Utilities today face unprecedented challenges and opportunities as they strive to meet the increasing demands of their customers and stakeholders. To meet these demands, they need an advanced metering infrastructure (AMI) ecosystem that can provide reliable and accurate data, support multiple use cases, and generate actionable insights to help them optimize their operations and customer service. But what should be taken into account when building your metering ecosystem? Here are 7 things to consider when building your AMI:
How much water has been consumed? Is there a leak or stagnation somewhere? Is maintenance necessary? No longer does this information need to be collected by technicians during scheduled on-site visits. Because unlike, traditional water meters, smart water meters communicate and transmit their data automatically, regularly – and in case of an event, immediately – to the water supplier or municipality. While various protocols are available the right choice depends on specific requirements.
The price increases in energy over the past 12 months have taken many consumers by surprise, contributing significantly to the financial pressure on businesses and householders during the current economic crisis. In the UK, not a day goes by without energy, and specifically the cost of energy, dominating conversations, news reports and media comment.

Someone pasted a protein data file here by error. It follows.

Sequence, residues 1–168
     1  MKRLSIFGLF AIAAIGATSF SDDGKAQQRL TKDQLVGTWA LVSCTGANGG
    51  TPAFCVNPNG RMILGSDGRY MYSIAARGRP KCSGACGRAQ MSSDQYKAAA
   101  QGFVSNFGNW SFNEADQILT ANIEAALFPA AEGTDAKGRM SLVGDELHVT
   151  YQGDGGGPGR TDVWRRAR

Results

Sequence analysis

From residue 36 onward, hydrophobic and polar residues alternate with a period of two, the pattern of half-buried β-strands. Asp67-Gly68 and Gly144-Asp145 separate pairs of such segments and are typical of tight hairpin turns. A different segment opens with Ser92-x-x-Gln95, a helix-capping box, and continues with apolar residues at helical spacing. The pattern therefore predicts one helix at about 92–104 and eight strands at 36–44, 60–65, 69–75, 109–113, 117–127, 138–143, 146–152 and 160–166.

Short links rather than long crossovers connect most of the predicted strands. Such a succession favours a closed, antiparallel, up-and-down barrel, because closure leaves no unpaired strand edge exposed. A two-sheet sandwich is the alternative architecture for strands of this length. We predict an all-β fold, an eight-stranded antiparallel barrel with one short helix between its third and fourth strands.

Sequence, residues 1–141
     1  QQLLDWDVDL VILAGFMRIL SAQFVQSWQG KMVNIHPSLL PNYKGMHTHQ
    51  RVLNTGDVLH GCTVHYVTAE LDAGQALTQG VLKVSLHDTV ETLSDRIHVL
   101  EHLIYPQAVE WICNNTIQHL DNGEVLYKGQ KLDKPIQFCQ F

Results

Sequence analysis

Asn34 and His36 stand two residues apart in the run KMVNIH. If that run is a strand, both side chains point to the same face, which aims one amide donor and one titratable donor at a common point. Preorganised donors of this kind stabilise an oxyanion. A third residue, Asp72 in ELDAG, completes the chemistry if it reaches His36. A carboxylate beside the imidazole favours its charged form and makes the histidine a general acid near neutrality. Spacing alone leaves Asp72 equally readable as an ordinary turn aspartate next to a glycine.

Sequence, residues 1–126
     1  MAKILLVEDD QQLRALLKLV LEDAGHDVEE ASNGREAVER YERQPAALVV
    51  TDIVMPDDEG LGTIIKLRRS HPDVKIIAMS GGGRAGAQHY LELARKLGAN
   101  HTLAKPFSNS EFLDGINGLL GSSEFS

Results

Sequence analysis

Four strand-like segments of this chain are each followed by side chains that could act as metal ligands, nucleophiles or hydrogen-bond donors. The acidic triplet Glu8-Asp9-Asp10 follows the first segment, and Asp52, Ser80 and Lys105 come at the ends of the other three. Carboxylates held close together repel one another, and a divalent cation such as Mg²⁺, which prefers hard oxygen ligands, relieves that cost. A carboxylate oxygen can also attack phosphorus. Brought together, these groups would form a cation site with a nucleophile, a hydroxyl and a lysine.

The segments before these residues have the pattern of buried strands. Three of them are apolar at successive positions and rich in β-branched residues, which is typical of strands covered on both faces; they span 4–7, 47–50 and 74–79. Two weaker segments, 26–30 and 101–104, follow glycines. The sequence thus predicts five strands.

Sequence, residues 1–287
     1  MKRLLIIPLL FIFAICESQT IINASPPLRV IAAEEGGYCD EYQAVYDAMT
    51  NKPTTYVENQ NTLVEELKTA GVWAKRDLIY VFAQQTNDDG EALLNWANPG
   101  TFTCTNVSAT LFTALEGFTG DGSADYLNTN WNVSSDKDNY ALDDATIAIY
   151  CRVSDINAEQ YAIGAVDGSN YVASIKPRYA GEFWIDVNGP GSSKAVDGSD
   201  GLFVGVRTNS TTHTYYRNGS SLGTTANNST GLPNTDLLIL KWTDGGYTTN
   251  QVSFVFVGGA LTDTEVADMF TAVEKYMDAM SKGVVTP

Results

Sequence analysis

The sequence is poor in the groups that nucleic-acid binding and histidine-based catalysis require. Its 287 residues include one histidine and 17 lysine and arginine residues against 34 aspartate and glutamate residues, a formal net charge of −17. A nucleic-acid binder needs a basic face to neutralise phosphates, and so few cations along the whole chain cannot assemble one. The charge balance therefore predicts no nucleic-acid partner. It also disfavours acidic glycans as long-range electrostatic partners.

Whether due to environmental concerns, government incentives and regulations or rising gas prices; the electrification of transportation is gaining momentum around the world. According to Arthur D. Little’sreport, by 2030 there will be more than 40 million passenger electric vehicles on European roads. As exciting as this news sounds from the environmental perspective, it is alarming for grid operators. Due to the sudden demand for electricity, local distribution systems might suffer from temporary overloads, leading to power outages and other grid stability issues, such as voltage spikes and frequency fluctuations that can affect the performance of other equipment connected to the grid.
For several years, the combination of system integration, the smart grid and the legacy of outdated industrial control systems have been presenting new cyber security challenges for energy infrastructures. These problems are reflected in the 10 most common anomalies identified in energy companies' operational technology (OT) networks in 2022.
Various energy supply companies are currently in the decision-making process to replace traditional ripple control. Aargau's AEW Energie AG recommends acting proactively and is convinced that the realization of smart metering and load management on the same technology offers a lot of synergy potential in the introduction and operation.